The Resilience Hub & Portland Maine Permaculture Message Board › Strawberry Growing

Strawberry Growing

David S.
Washington, ME
Post #: 48
For our purposes, a gooseberry is a currant. All members of the family Ribes are illegal in Maine.

Gooseberry, like huckleberry is an imprecise term meaning different things to different people depending on location usually.

From wikipedia:

Other fruits called gooseberries
As well as the other species in the subgenus Grossularia, two other unrelated plants are sometimes termed 'gooseberry'.

The fruit called the "Cape gooseberry" is produced by the species Physalis peruviana in the family Solanaceae, native to the Andes.

The fruit called the "Chinese gooseberry", now more commonly known as kiwifruit, is produced by the species Actinidia deliciosa, in the family Actinidiaceae. As its name implies, it was originally cultivated in China, but was taken to New Zealand, where cultivars were selected, and the fruit renamed kiwifruit. These are now grown in many areas, and marketed worldwide under that name - though the older name is sometimes still seen in Australia.

The "Indian gooseberry" is produced by the species Phyllanthus emblica.

David Spahr
A former member
Post #: 50
LOL what does a gooseberry taste like? biggrin Well a gooseberry?...Pretty tart and without the "knock you over" flavor of a current. In the wild they grow on raspberry-like stalks and are green with a little purple as they ripen, though they are picked green. When I used to do extensive gardening (using the Ruth Stout method) I did have a few bushes. I did not find them of much use though. I canned a few pints--no one much cared for them.

Now currents is another story. I had a bush and there is nothing that will compare to current jam IMO. Though I may be prejudiced from a childhood memory. I think I was born with a love (and knowledge) of wild plants, and when I was around 10 I picked a few handfuls of wild currents (we lived in the Colorado Rocky Mts. back then), put them in a pan with a little sugar and cooked them for awhile. They must have a lot of natural pectin because in a few minutes I had the best tasting jam I'd ever tasted.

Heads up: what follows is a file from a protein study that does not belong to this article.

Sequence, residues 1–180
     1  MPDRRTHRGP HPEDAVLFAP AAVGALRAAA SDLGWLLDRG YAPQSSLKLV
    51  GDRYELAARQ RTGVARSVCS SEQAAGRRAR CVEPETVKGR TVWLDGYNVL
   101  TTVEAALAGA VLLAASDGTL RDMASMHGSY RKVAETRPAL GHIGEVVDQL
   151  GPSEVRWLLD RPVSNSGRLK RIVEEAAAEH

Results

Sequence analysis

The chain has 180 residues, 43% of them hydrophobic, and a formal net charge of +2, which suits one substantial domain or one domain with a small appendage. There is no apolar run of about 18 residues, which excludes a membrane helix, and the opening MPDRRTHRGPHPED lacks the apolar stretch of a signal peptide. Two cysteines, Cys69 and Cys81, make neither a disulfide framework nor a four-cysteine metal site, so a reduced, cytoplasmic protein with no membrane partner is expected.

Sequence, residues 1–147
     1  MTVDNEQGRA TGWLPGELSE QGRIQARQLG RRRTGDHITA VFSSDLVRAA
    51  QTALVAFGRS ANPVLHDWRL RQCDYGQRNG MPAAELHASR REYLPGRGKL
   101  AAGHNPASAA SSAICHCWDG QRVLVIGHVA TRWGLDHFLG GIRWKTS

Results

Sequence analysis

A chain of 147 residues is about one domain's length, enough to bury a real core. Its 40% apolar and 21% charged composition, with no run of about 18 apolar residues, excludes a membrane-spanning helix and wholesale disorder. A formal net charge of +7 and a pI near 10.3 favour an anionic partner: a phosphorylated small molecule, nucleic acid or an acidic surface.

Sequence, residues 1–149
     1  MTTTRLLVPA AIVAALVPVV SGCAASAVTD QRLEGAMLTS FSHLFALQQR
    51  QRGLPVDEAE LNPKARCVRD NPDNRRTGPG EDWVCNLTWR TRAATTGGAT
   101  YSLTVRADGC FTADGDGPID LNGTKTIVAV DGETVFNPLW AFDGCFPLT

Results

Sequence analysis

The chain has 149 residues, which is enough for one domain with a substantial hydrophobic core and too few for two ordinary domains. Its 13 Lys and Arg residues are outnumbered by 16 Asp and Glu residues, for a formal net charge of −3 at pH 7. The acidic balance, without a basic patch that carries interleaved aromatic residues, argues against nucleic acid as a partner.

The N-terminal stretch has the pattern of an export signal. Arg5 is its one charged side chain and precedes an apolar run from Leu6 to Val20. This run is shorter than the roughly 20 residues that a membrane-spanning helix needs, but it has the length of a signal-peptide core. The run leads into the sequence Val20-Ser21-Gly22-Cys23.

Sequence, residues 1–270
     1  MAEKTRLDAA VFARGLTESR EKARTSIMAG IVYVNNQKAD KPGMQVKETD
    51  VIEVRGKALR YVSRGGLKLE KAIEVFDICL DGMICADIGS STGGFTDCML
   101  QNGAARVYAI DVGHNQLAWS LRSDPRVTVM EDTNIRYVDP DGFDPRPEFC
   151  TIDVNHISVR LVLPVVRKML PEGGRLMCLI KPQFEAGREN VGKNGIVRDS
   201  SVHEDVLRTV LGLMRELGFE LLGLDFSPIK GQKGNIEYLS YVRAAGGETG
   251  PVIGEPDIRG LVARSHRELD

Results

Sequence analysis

I googled this topic and found some info at the Minnesota extension site. It does seem that some variities are less rust prone and if planted a good distance ( I would not risk wind drift!) from white pines there would be no problem. If I was one of those people I would, for instance, ask my sis in MN to send me some plants. On the other hand, I would not hesitate to report a grower, organic or not, if there were white pines in the area, as there are most everywhere. But I watched my white pines die so am emotionally involved here. an afterthougt, I wonder if bird droppings spread ribes? In that case it would not be OK to have a few plants even if no white pines were in the area.
A former member
Post #: 51
I meant to mention in my post and forgot, huckleberries have always been a mystery to me, and one I have not yet figured out! In Minnesota a very dark, almost black, berry grew on an annual plant--much like a ground cherry--and someone told me they were huckleberries. I found them to be very bland, not tart at all, and quite useless. But I did grow ground cherries back in Minnesota, which I understand are also called huckleberries by some. Interestingly, a few years ago I got a package of "ground cherry" seeds, but the fruits turned out to be similar but just full of seeds with no flavor. Any of you that have planted seeds that did not turn out as the package stated can understand my surprise! But the husks are so pretty that I have kept a plant or two going each year to keep the seeds viable.

So what the heck is a huckleberry? Does anyone here know for sure? Maybe tonight I will get my seed catalogs out. But I have noticed that seed catalogs have gone the same route as just about everyting else in this once great land of ours--everything's been Clear Channeled. The saddest one for me was to see Jung Nursery from South Dakota go so bland. How excited I used to be in the spring to have the long paper bags arrive with fruit trees and bushes! And of course a few little extras, too. We are lucky here in Miane to have Fedco and Johnny's.
user 4058763
Hollis Center, ME
Post #: 19
You can get huckleberries here: http://www.raintreenu...­

Or here: http://burntridgenurs...­
Merry & Burl H.
Portland, ME
Post #: 2
Our first year sparkle strawberry plants are growing gangbusters and sending out runners. We picked the flowers so we don't expect a crop this year, but our mouths are watering for next already. Anyway, do the runners plant themselves and start a new generation? or A) is there something we have to do to root them? or B)will we need to buy new plants after a few years? Thanks, Merry
A former member
Post #: 52
In my experience if the mulch is deep and dry they may need a little help. Open the mulch a little and tuck them in. A wire V made from old coat hangers can help to secure them.

I have never had a well organized patch going, however my neighbor used to have wonderful strawberries year after year. Her method was to wait till the runners were well established in the paths and then mow down the mother plants and mulch that row, turning it into the new path.

A friend here in BB has great berries and I have heard her say that she does need to buy new plants from time to time and I think she meant that the old ones get diseased. If no one here has the answer to this I will call her and ask for specifics.
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